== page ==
Google Pixel C Review Roundup: Is Android The Future Of Tablet Computing?

Pixel C

Google’s tablet-laptop convertible, the Pixel C, is a great looking device. Unfortunately, that’s as good as it gets.
(Photo : Google)

What’s the current consumer trend in technology? Two-in-one convertible tablet laptops. (Or are they laptop tablets?)

Microsoft has one, Lenovo has one, and so does every other Windows OEM. Heck, even Apple has one (the iPad Pro with Smart Keyboard, complete with Pencil).

Google’s entry into the two-in-one convertible segment, the Pixel C, is its shot at competing with Microsoft’s Surface and Surface Book, Lenovo’s Yoga, etc. We doubt the Mountain View-based company will release an accompanying Google Pen, Quill, or any other kind of stylus with their device, however.

Nonetheless, Google’s self-made Pixel C has been out long enough for reviewers to finally give their impressions of it, and if anything, Google’s two-in-one sure is a looker. Proving Google can indeed make well-made and well-designed hardware, reviewers did notice that the device’s software just didn’t make the cut. That was quite surprising.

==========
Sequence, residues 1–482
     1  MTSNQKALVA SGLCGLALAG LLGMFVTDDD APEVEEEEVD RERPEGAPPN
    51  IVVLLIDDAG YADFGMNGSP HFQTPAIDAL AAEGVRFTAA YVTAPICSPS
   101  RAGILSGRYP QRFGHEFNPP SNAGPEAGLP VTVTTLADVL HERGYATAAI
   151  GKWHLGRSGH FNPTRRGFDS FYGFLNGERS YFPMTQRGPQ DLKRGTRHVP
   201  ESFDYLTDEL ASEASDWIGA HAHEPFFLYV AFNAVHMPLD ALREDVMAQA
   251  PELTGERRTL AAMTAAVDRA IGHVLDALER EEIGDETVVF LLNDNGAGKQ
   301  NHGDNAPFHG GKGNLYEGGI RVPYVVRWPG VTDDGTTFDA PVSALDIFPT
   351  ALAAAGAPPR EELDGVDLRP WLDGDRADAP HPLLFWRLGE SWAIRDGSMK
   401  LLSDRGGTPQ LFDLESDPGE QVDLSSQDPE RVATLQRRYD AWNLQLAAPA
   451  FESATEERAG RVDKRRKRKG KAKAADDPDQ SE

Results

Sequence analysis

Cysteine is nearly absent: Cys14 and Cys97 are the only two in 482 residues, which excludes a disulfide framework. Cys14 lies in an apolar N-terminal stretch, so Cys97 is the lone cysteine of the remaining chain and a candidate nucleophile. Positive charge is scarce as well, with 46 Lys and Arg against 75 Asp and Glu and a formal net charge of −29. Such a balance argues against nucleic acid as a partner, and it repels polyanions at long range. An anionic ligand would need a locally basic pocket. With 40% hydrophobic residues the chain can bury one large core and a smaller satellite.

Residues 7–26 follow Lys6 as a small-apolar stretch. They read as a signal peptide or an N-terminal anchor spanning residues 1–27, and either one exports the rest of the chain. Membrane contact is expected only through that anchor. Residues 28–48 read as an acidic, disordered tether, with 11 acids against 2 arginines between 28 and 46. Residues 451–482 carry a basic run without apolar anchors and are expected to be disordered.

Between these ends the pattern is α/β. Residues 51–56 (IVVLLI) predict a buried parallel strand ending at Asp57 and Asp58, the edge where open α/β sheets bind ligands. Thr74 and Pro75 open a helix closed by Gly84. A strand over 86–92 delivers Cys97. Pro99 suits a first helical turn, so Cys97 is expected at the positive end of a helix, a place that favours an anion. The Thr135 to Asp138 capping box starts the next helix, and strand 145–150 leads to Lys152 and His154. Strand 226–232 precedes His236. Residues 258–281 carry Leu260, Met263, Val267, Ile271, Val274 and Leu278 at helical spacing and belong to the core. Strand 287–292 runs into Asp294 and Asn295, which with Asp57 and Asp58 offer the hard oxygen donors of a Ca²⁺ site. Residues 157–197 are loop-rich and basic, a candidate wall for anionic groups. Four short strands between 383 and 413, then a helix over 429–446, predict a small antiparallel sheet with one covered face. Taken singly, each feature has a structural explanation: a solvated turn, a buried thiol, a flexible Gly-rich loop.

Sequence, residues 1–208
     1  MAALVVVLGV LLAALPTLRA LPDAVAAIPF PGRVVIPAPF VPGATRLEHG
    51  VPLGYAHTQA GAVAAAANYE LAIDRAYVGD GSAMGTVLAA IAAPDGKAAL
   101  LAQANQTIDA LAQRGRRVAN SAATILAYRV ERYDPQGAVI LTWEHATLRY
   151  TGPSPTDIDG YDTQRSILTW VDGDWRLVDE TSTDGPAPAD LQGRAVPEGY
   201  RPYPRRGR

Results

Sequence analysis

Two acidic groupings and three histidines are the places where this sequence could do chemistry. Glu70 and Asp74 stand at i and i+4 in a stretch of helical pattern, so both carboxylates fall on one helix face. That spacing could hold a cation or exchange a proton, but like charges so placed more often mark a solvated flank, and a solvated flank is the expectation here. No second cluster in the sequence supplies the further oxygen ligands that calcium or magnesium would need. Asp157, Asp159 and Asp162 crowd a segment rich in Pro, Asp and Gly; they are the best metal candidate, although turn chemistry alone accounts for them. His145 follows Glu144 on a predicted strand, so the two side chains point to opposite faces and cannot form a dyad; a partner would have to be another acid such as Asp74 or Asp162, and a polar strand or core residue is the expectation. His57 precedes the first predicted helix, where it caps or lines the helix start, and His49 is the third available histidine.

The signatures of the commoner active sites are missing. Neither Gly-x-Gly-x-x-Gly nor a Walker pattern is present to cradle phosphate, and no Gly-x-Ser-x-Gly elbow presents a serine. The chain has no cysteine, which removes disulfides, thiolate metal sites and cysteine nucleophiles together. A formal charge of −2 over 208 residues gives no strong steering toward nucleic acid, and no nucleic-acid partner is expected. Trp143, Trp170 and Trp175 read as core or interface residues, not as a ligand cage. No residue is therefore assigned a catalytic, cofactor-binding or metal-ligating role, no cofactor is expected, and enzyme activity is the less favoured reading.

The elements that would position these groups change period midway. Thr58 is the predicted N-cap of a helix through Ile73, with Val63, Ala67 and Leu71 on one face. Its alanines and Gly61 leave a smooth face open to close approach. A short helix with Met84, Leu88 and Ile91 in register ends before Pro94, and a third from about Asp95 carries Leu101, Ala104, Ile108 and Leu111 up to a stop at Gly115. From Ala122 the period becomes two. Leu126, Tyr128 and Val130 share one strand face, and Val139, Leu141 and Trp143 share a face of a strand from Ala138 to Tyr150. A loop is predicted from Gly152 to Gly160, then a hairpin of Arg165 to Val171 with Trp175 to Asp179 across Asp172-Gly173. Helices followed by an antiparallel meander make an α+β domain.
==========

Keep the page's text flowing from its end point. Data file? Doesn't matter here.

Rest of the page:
Describing the Pixel C as “too clever by half,” The Verge notes that Android just can’t keep up with the hardware.

“Simply put: the Pixel team has mostly delivered something really good, the Android team has not. Android may not be Google’s answer for the next generation of computing on a tablet,” says The Verge’s Dieter Bohn.

Echoing the same sentiments, USA Today’s Edward C. Baig gets more personal and specific.

“I’m still not sold on Android as the best operating system for a tablet, even with the latest version of Marshmallow. (By contrast, Google’s Chromebook Pixel laptop runs the Chrome operating system.) Productivity tablet apps for Android are lacking, and there’s no split-screen multitasking option as on rival tablets,” he notes in his review.

As great as the Pixel C design is, it’s really just the tablet portion of the device that functions best. The Wall Street Journal wasn’t too fond of the device’s accompanying keyboard either.

“If only typing on it was as blissful…. While the main keys are almost full-sized, the shrunken Shift and Tab keys and vertical Enter key are all throwbacks to the days of kiddie-size netbooks…. Additionally, I experienced Bluetooth connection issues with the keyboard. Often, strings of letters would appear in my document as if a ghost were typing them,” WSJ’s Joanna Stern describes.

Maybe it’s a good thing Google didn’t throw in a Google Quill (or whatever they would’ve called the device’s add-on stylus)?

Just because two-in-one convertible laptops happen to be all the rage right now doesn’t always make them viable productivity workhorses. Arriving a little late to the game, Google’s entry just isn’t as good as Microsoft’s Surface or even Apple’s iPad Pro yet.

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